By on April 9, 2018

Gran Turismo is arguably the first video game franchise to appeal to car enthusiasts en masse. While Sega’s Out Run had us sitting behind the wheel of a Ferrari Testarossa as early as 1987 and Road & Track Presents: The Need for Speed let us abuse a handful of exotics by 1994, Polyphony Digital hit us with 140 licensed reproductions of real-world automobiles in 1997. Two years later, Gran Turismo 2 upped the ante with 650 new and used cars, even more tracks, and extensive modifications. This kicked off a bizarre symbiotic relationship between game developers and automakers.

Advancements in technology allowed burgeoning car fans to virtually experience their favorite rides, as well as new models they’d never even heard of. Developers took notice of the GT success story, as did manufacturers, which recognized the usefulness of these games as an incredibly potent marketing tool. Aston Martin, Audi, BMW, and Mercedes-Benz have all developed concept vehicles that debuted inside a video game, Ford briefed Turn 10 Studios so it could nail the GT’s specs in Forza 6 before the car even finished development, Toyota offered a free demo disc of Gran Turismo 4 as part of its 2004 model brochure, and Porsche unveiled the GT2 RS during the Forza Motorsport 7 press announcement at last year’s E3 conference.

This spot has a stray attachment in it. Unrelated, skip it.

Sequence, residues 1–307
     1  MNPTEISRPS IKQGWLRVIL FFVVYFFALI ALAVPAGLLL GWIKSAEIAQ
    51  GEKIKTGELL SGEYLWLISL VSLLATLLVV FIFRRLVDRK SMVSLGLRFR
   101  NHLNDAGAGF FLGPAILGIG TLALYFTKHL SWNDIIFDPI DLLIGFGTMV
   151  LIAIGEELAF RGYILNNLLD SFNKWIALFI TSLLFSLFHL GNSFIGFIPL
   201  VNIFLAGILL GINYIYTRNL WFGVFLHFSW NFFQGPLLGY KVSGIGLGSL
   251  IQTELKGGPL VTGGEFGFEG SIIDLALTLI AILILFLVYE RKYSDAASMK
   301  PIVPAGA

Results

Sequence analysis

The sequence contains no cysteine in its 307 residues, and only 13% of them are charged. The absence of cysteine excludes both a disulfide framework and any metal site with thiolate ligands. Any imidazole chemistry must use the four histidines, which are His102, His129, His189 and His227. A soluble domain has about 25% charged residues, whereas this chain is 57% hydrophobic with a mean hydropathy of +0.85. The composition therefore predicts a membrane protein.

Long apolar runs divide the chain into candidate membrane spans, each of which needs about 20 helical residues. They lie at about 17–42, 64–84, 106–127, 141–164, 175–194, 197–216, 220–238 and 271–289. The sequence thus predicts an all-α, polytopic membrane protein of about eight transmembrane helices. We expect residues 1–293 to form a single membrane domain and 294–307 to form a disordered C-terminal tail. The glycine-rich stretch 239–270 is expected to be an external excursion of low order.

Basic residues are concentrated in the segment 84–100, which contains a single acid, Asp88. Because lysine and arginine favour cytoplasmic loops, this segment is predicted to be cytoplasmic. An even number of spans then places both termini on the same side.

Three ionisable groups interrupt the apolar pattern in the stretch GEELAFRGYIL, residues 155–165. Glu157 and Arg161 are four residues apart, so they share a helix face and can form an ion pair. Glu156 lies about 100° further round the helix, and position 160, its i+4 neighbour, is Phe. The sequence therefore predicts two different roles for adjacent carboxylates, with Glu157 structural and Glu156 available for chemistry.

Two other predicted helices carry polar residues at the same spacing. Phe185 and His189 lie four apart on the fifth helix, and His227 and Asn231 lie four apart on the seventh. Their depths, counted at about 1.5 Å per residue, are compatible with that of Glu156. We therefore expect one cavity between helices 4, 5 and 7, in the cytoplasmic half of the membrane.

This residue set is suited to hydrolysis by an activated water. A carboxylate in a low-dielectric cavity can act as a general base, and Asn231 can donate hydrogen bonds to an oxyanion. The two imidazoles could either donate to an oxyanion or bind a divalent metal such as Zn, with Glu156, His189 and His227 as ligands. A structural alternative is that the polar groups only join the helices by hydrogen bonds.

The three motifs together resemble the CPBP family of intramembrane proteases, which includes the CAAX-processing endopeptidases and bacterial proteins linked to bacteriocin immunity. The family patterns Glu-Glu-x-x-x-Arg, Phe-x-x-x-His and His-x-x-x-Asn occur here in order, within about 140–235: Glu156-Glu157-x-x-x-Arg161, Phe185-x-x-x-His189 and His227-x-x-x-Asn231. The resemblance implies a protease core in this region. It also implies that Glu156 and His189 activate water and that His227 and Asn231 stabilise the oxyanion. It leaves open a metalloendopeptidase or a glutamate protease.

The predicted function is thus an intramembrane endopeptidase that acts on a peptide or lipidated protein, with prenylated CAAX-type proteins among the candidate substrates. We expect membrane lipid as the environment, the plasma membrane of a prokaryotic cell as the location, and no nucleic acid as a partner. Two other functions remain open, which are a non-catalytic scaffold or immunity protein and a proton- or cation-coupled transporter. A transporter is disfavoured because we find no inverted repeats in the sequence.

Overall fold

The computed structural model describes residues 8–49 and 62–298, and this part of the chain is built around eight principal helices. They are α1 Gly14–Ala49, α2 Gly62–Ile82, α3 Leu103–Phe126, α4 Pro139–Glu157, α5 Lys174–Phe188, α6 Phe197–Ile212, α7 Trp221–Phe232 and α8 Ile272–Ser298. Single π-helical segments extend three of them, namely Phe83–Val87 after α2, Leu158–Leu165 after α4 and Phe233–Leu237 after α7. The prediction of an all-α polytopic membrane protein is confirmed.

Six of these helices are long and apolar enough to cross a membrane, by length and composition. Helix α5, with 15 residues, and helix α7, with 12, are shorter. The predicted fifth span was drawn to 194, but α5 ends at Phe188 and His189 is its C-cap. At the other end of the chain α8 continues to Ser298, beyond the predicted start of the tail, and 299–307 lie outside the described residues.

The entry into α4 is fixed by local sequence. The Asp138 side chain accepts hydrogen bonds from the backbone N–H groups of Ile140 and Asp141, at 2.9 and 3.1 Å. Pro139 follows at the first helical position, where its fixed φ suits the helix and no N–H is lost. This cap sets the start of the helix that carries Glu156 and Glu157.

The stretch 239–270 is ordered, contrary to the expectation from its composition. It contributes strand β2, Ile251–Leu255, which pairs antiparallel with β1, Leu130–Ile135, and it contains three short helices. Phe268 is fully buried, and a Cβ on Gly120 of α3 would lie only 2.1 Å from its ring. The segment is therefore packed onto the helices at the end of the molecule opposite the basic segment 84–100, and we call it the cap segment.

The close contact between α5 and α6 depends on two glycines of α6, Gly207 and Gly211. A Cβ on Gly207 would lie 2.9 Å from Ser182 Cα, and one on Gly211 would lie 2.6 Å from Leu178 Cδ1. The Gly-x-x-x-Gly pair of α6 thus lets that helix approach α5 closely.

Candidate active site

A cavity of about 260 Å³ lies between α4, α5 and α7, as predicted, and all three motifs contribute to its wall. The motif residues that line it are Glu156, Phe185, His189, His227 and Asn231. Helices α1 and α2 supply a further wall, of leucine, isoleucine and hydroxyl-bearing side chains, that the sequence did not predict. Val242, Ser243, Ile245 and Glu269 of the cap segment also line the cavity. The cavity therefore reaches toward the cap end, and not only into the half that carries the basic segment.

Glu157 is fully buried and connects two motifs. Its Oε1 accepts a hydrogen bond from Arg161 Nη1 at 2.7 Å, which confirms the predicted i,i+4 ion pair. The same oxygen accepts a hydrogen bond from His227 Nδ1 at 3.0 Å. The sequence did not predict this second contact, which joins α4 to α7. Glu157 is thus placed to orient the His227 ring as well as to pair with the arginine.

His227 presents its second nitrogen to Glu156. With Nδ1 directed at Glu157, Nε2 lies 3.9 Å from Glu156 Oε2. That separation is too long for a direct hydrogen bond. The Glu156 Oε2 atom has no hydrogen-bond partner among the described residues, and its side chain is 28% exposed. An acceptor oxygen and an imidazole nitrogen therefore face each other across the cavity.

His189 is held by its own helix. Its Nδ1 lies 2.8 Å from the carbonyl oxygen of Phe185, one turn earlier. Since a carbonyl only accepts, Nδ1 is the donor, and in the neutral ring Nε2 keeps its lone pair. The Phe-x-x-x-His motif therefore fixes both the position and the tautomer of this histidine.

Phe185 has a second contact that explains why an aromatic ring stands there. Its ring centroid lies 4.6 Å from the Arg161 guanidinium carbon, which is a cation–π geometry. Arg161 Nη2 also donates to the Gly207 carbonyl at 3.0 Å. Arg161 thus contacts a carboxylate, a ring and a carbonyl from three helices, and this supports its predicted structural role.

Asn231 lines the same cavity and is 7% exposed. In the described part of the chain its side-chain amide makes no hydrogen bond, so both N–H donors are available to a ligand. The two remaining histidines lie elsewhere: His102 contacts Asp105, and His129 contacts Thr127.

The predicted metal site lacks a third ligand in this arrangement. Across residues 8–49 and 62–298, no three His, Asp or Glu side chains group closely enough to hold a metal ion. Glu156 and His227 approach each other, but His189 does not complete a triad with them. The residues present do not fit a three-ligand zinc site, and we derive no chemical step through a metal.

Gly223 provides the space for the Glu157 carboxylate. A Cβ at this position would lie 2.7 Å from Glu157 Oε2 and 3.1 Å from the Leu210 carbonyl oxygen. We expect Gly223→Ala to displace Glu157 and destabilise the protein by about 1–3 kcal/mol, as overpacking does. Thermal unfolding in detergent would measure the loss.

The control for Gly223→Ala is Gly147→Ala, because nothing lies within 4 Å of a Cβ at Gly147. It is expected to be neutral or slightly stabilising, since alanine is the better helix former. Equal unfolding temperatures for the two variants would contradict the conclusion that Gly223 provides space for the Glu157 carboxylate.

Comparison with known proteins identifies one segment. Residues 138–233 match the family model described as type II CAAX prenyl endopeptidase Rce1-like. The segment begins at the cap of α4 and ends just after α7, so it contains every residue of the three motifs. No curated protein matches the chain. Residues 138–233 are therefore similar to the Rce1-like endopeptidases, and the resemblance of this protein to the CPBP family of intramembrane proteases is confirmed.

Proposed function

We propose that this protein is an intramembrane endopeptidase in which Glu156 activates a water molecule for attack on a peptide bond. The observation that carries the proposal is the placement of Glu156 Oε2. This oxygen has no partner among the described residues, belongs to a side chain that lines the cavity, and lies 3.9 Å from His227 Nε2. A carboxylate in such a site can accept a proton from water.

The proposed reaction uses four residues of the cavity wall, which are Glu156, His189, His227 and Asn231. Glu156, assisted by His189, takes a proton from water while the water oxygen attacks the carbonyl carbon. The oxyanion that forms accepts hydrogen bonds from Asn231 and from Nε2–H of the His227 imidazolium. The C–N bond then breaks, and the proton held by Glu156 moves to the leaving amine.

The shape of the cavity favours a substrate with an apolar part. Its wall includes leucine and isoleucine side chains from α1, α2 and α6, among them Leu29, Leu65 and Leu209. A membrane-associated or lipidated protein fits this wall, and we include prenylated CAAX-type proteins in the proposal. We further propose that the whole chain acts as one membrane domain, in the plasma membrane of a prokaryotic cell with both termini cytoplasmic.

While corporate partnerships between automakers and game developers are nothing new, it’s exceedingly rare to see a vehicle intended exclusively for the digital realm drive off the screen and onto the racetrack. But that’s exactly what Audi has done with the E-Tron Vision Gran Turismo.  (Read More…)

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